IDES Audits Are Resuming!: Illinois Companies Who Use Independent Contractors Should Prepare Prior To Receiving A Notice Of IDES Audit!
We are seeing Illinois Department of Employment Security (IDES) audits starting to resume!
When an Illinois company who uses independent contractors is audited by the IDES, the company often thinks they are “innocent until proven guilty” on the independent contractor issue. WRONG!
WORKERS ARE PRESUMED TO BE EMPLOYEES: The legal requirement for a company using independent contractors in Illinois is that the company is presumed by the IDES to be the legal employer of the independent contractors. Therefore, when a company pays the worker to perform services, those workers are presumed to be the employees of the company upon audit.
COMPANY MUST PROVE THE WORKERS ARE PROPERLY CLASSIFIED AS INDEPENDENT CONTRACTORS: Companies using independent contractors should be seriously preparing to defend themselves, way before there is an IDES audit. The company must be able to prove to the IDES that the workers are properly classified as independent contractors and not employees of the company.
INDEPENDENT CONTRACTOR TEST USED BY IDES: The IDES uses a very strict three-part test when evaluating whether or not workers are properly classified as independent contractors. The three-part test for independent contractor status is contained in Section 212 of the Illinois Unemployment Insurance Act. (Section 212 has nothing to do with the IRS or any other test or any other Agency. It applies only to IDES unemployment insurance matters.)
Here is the three-part test (using a flooring installer as an example):
Section 212. Service performed by an individual (i.e., flooring installer) for an employing unit (i.e., ABC Home Improvement), whether or not such individual employs others in connection with the performance of such services, shall be deemed to be employment [which means the mobile notary will be considered an employee] unless and until it is proven in any proceeding where such issue is involved that –
- Such individual (i.e., flooring installer) has been and will continue to be free from control or direction over the performance of such services, both under his contract of service and in fact; and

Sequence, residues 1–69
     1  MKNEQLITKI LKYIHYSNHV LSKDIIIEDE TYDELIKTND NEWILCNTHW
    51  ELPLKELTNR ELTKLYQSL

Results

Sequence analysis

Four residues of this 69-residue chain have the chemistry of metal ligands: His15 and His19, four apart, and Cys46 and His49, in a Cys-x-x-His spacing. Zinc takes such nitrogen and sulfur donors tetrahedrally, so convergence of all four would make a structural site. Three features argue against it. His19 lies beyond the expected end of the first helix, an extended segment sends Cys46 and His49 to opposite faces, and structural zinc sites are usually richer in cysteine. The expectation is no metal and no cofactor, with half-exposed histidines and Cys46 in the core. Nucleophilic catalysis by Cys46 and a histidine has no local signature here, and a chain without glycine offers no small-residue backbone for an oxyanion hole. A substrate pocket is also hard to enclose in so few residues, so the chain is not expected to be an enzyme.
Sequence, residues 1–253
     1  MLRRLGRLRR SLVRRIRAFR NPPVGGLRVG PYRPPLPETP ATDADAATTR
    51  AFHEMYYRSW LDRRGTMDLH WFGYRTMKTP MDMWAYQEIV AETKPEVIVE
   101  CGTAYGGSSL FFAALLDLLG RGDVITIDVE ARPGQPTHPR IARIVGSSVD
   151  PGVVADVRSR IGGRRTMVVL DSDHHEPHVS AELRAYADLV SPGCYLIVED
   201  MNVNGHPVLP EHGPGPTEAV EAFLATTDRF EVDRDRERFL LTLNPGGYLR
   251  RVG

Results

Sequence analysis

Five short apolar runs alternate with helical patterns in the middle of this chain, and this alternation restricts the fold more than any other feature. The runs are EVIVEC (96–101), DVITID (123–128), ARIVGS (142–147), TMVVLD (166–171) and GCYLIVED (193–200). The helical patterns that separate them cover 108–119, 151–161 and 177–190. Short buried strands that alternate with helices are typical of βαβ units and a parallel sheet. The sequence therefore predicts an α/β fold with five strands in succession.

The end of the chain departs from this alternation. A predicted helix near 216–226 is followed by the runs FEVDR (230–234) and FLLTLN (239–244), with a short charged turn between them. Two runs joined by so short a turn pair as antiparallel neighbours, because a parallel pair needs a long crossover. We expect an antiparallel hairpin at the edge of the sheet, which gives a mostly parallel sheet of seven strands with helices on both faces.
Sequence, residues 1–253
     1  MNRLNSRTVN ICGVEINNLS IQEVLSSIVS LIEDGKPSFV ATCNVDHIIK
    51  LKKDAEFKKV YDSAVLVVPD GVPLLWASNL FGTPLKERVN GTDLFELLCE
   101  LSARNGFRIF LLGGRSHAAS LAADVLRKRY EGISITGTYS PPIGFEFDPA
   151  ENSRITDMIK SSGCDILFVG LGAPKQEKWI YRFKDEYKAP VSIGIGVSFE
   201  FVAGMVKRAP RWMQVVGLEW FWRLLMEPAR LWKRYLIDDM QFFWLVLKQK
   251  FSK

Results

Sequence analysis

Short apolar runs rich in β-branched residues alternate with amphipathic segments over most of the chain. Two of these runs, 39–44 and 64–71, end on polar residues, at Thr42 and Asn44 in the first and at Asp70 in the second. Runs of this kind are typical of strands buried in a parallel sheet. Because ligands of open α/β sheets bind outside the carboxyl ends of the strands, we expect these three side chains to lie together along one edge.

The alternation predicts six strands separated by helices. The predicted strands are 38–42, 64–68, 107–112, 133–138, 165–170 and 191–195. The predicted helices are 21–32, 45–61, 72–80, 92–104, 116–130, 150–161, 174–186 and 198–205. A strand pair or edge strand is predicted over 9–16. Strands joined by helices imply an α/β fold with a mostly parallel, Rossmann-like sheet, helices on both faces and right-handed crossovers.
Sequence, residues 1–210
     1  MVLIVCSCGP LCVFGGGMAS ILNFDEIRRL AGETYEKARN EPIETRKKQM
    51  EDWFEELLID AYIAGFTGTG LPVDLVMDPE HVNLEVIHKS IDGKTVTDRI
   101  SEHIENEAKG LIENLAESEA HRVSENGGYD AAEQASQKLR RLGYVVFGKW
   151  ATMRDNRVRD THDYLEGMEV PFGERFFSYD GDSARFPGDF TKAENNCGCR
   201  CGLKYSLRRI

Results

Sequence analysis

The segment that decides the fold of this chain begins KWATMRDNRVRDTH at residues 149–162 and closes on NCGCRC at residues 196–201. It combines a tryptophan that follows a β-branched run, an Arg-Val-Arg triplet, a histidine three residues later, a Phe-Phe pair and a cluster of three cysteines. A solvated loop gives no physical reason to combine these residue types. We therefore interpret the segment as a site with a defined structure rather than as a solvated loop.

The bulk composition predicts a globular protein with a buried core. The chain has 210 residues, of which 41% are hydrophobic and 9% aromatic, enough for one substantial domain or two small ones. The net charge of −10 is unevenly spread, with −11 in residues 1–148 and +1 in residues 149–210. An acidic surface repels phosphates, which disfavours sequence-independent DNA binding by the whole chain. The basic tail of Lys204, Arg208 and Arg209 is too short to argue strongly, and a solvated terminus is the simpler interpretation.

- Such service is either outside the usual course of the business for which such service is performed or that such service is performed outside of all the places of business of the enterprise (i.e., ABC Home Improvement) for which such service is performed; and
- Such individual (flooring installer) is engaged in an independently established trade, occupation, profession, or business.
PREPARATION IS ESSENTIAL: The Company under IDES audit must plan how it is going to prove for each independent contractor that the worker meets the legal requirements of the IDES independent contractor test that is going to be used to determine whether the worker is misclassified.
Therefore, if there are any independent contractor agreements, they should be carefully reviewed to see if the independent contractor agreements support and strengthen independent contractor status. Invoices from the independent contractors should be examined. IRS 1099 forms for the year in question should be evaluated. The Company’s website and how it describes independent contractors should be carefully analyzed as well. Know and if possible eliminate your weak spots ahead of the IDES audit. Map out your defense strategy.
DIFFICULT ISSUES ARISE DURING AN IDES AUDIT: Many difficult issues and concerns pop up throughout an IDES audit. Examples are:
1) which documents and records to submit to the auditor?;
2) how many years can the auditor cover in the audit?;
3) can the auditor jump to sister/related companies to audit?;
4) who should work directly with the auditor?;
5) what is the potential liability for any misclassification found?;
6) how should the various Questionnaires be prepared for submission?;
7) what legal defenses should the company raise?
Due to the considerable legal complexity of an IDES audit, it is best to have an in-depth strategy session (between the company and an experienced attorney who has handled many such IDES audits) prior to the company’s first interaction with the IDES auditor. This kind of strategy session is particularly important in the current COVID-19 era during which many strange and confusing IDES decisions have been handed down....changing the legal landscape for Independent Contractor coverage by the IDES.
Consultation early on with an attorney experienced with IDES audits can make a big difference in the outcome of an IDES audit. Don’t wait to receive the Notice of IDES Audit!
Questions? If you have questions or wish to schedule a consultation to review and defend your company’s usage of independent contractors, please call Attorney Nancy E. Joerg of Wessels Sherman’s St. Charles, Illinois office: 630-377-1554 or email her at firstname.lastname@example.org.